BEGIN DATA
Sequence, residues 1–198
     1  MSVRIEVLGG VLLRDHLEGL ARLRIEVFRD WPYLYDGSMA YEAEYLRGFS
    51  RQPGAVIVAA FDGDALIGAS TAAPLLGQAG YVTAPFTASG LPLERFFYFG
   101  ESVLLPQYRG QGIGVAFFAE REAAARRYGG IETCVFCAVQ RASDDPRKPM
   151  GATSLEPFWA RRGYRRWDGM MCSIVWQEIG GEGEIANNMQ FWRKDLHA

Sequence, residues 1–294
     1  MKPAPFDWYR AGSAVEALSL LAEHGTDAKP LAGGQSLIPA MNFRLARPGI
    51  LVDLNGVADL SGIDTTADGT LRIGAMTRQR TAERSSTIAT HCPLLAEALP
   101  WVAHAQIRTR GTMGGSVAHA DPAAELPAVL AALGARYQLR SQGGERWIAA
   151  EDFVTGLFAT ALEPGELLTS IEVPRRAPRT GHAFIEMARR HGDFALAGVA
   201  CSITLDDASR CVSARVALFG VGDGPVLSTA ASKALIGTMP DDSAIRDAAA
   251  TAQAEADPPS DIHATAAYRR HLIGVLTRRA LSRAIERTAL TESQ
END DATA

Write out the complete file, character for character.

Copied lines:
Sequence, residues 1–198
     1  MSVRIEVLGG VLLRDHLEGL ARLRIEVFRD WPYLYDGSMA YEAEYLRGFS
    51  RQPGAVIVAA FDGDALIGAS TAAPLLGQAG YVTAPFTASG LPLERFFYFG
   101  ESVLLPQYRG QGIGVAFFAE REAAARRYGG IETCVFCAVQ RASDDPRKPM
   151  GATSLEPFWA RRGYRRWDGM MCSIVWQEIG GEGEIANNMQ FWRKDLHA

Sequence, residues 1–294
     1  MKPAPFDWYR AGSAVEALSL LAEHGTDAKP LAGGQSLIPA MNFRLARPGI
    51  LVDLNGVADL SGIDTTADGT LRIGAMTRQR TAERSSTIAT HCPLLAEALP
   101  WVAHAQIRTR GTMGGSVAHA DPAAELPAVL AALGARYQLR SQGGERWIAA
   151  EDFVTGLFAT ALEPGELLTS IEVPRRAPRT GHAFIEMARR HGDFALAGVA
   201  CSITLDDASR CVSARVALFG VGDGPVLSTA ASKALIGTMP DDSAIRDAAA
   251  TAQAEADPPS DIHATAAYRR HLIGVLTRRA LSRAIERTAL TESQ